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Foundation for Tolerance International

Foundation for Tolerance International

The Foundation for Tolerance International is a Kyrgyz non-governmental organization (NGO) founded in 1998 to prevent conflict and build peace and justice in Central Asia. It has operated for nine years in a fluid and changing context, but it has remained focused on its original goals of conflict prevention on a range of vertical and horizontal conflicts. FTI’s work is currently focused on two main directions:

1. The prevention and non-violent resolution of interethnic conflicts in the Ferghana Valley – a multiethnic region that stands at the crossroads of the three Central Asian states of Kyrgyzstan, Uzbekistan and Tajikistan. The Ferghana Valley is characterized notably by a very high population density, an unfinished and conflicting border demarcation process, and disputes over scarce land and water resources. These factors have led to instances of violence amongst local communities and authorities of different nationalities and ethnic groups.

2. The expansion of the space for dialogue and promotion of a culture of non-violence between civil society and power institutions in the Kyrgyz Republic.


The organization originally grew out of the United Nations High Commissioner for Refugees’ (UNHCR’s) “Conflict Transformation and Tolerance Education” project. The UNHCR’s project was launched in March 1996 in Southern Kyrgyzstan and led by FTI Founder and Executive Director, Raya Kadyrova. Her assignment was to implement a tolerance education project directed at minimizing tension between Kyrgyz and Tajik secondary school students. She says this post inspired her to found FTI as an independent NGO (Strutton 2007). Since then, FTI has developed into one of the largest local NGOs in the region working explicitly and specifically towards conflict prevention and resolution (Global Partnership for the Prevention of Armed Conflict 2007). It employs a staff of over 40 people, all from various nationalities, ages, and fields of expertise. The head office and Early Warning project office are located in Bishkek, while activities at the community level are conducted through four regional offices in the Southern Kyrgyz cities of Osh, Batken, Aksy, and Leilek.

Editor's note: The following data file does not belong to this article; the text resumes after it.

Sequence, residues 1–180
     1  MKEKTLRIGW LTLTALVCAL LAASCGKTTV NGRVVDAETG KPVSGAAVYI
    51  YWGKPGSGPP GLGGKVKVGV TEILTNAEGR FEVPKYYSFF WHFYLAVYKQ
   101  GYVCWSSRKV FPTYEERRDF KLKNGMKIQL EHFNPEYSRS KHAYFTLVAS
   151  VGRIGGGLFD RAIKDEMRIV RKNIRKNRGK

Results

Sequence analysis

Building strong alliances in Central Asia among all relevant stakeholders has been one of the chief objectives of the organization since its inception. FTI created the National Coordination Council and Regional Coordination Councils, which aim to facilitate communication among civil society, authorities, law enforcement, and the media to prevent and resolve violent conflict. FTI is one of the initiators and lead NGOs of the Ferghana Valley NGO network “Dolina Mira” (Valley of Peace) and since 2003, it has taken up the function of Regional Secretariat in Central Asia for the Global Partnership for the Prevention of Armed Conflict (FTI Annual Report 2006). GPPAC functions as a forum for worldwide peace and conflict issues. This global network provides Central Asian civil society with the opportunity to have their voice heard at the global level and to build links with partners facing similar issues in other parts of the world.